Wednesday, March 26, 2008

Bummer, man.

A thought that recently struck me, for no particular reason I can work out, is that I feel really sorry for any team given the task of producing a new Bomberman game.

First, the good. They're guaranteed to get some sales through IP recognition. I would be more likely to buy "Bomberman" than "Explodeguy", just because I would know roughly what I was getting. And I'm sure there are some people out there that have bought (and will continue to buy) every Bomberman game that's released. Even Act Zero.

But I think the bad far outweighs it. There is a weight of expectation that comes with Bomberman - there have been some excellent games in the series in the past, so a developer has a lot to live up to. I think a lot of it is down to the games having such a "simple formula" (for want of a better phrase, though the best titles in the series have a lot of extra features). If a developer doesn't add anything new to their title it will get panned as being too basic and conservative. If they do add things then they'd better hope they chose them wisely, because there are few things in a reviewer's mind worse than messing up the "simple formula" with unfocused new features.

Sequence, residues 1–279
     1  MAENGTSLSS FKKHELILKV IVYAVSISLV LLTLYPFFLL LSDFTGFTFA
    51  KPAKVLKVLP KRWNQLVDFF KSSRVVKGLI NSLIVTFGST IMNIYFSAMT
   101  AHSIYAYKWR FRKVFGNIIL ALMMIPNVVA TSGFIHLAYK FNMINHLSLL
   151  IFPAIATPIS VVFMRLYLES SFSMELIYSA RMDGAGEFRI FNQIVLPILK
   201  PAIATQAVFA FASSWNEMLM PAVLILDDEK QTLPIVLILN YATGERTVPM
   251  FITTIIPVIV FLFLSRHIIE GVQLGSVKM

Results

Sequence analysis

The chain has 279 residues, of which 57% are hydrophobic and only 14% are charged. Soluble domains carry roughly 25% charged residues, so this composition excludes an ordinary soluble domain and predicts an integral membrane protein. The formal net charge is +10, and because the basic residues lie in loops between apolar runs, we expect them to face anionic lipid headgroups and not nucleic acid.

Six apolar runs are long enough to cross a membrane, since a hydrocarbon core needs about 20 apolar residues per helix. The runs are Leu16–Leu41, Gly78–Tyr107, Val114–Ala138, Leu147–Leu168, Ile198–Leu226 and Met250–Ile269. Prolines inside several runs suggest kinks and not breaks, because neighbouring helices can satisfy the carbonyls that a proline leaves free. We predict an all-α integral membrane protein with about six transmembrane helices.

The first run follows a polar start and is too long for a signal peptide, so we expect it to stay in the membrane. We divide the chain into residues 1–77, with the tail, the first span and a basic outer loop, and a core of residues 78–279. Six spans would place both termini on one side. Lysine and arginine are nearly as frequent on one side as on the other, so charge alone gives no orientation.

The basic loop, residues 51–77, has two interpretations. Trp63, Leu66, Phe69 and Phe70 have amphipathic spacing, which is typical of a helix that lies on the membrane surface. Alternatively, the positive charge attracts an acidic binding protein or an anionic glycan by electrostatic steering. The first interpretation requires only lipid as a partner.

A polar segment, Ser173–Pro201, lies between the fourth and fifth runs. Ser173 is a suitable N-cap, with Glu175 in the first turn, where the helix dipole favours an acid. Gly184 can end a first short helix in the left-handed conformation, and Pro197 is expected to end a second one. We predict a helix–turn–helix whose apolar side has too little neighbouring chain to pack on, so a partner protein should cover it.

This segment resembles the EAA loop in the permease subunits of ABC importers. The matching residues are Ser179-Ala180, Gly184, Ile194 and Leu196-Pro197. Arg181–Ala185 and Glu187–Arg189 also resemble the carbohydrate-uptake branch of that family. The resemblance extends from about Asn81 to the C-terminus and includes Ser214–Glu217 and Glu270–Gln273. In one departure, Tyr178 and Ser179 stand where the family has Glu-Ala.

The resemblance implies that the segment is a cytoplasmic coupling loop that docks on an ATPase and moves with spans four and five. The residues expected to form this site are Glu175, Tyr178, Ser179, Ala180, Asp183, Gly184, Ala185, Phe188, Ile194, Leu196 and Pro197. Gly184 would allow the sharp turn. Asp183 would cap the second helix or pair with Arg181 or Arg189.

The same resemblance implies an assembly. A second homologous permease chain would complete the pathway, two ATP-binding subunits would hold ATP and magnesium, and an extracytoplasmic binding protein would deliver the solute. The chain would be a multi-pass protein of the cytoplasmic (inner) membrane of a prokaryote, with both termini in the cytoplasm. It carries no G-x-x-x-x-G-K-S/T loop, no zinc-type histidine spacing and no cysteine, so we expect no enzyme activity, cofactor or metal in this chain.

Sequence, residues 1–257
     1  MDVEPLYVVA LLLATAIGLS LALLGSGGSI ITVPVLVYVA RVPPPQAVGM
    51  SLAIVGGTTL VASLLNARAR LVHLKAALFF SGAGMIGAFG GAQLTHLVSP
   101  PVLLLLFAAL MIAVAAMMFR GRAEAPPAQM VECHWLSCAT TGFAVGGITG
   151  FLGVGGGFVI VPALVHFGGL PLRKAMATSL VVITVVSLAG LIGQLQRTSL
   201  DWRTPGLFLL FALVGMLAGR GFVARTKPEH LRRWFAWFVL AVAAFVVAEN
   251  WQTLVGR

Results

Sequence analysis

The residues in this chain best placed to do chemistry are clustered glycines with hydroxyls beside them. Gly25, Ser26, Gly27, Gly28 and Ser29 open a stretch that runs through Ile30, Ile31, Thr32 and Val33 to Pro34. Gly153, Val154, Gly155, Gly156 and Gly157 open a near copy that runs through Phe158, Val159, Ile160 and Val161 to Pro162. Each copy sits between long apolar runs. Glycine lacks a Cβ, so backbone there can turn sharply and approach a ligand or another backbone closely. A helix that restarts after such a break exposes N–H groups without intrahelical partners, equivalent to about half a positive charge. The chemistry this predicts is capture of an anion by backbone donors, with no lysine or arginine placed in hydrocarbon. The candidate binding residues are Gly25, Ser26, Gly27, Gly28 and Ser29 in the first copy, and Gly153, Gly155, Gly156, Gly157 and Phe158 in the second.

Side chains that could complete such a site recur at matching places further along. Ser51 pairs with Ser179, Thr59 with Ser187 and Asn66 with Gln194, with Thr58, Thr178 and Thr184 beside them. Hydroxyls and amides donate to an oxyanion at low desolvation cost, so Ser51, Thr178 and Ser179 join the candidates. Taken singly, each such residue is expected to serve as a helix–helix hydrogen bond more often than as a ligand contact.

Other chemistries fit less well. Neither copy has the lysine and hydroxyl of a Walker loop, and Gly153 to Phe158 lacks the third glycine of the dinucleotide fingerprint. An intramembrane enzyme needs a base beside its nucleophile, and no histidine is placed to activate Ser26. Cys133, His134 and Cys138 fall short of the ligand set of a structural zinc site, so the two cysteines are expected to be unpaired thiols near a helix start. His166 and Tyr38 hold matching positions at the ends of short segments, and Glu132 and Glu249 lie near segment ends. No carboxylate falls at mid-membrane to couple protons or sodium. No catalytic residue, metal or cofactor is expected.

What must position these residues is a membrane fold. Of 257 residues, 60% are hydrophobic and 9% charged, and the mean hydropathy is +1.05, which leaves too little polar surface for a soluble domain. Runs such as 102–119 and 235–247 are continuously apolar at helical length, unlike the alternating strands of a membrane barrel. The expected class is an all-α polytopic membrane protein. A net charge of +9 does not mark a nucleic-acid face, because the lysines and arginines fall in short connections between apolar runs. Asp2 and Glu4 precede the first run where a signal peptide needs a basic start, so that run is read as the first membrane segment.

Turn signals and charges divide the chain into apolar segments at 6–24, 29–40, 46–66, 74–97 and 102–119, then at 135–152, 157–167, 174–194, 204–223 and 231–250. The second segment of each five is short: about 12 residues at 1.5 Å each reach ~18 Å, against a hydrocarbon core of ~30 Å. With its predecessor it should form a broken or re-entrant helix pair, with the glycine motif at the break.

It makes me wonder why, other than for the cash, anybody does it. Did the people who've produced poor Bomberman games really think they were bringing something worthwhile to the table, or did they just do it for the money?

Friday, March 21, 2008

Vegas, baby

Rainbow Six Vegas 2 From GameCentral's review of Rainbow Six Vegas 2.

As usual this isn't a bad game though, just a completely unnecessary one.
I do love it when developers release games that are completely necessary. You know, like ... um ...

Wednesday, March 19, 2008

Bad Idea - Limited flashlight batteries

A rubbish battery
Question: What do Gordon Freeman, the protagonist from FEAR, and Master Chief circa Halo 1 all have in common?

Answer: Despite being equipped with state-of-the-art equipment and armour, they're all hampered in their efforts to save the world by being given flashlights powered by the quality of batteries that you'd expect in the remote control for a cheap DVD player. You know, the sort that has a fake power meter on them.

I'll never understand this design decision in a game. It doesn't add any tension, it's just annoying. You've obviously decided at some point to make a level in your game that's so bloody dark that no-one can see where they're going. Fine, you're already probably an idiot, but whatever, maybe it genuinely does add to the atmosphere of the game (like in Condemned). So the player needs a flashlight to navigate. But there's the thing, when their flashlight runs out, players aren't going to barrel on in the dark (because they might miss something, or get lost), they're going to stand still until the blasted thing recharges.

Thankfully rubbish batteries seem to be doing the way of the instant death trap in games, even HL2:Episode 2 increased your battery's lasting power considerably (though with no real explanation in-game, which is a bit odd for Valve, maybe they just wanted to gloss over their previous mistakes without drawing attention to them), and ever since Halo 2 Master Chief has had as much battery life as he needed.

Friday, March 14, 2008

What's in a name?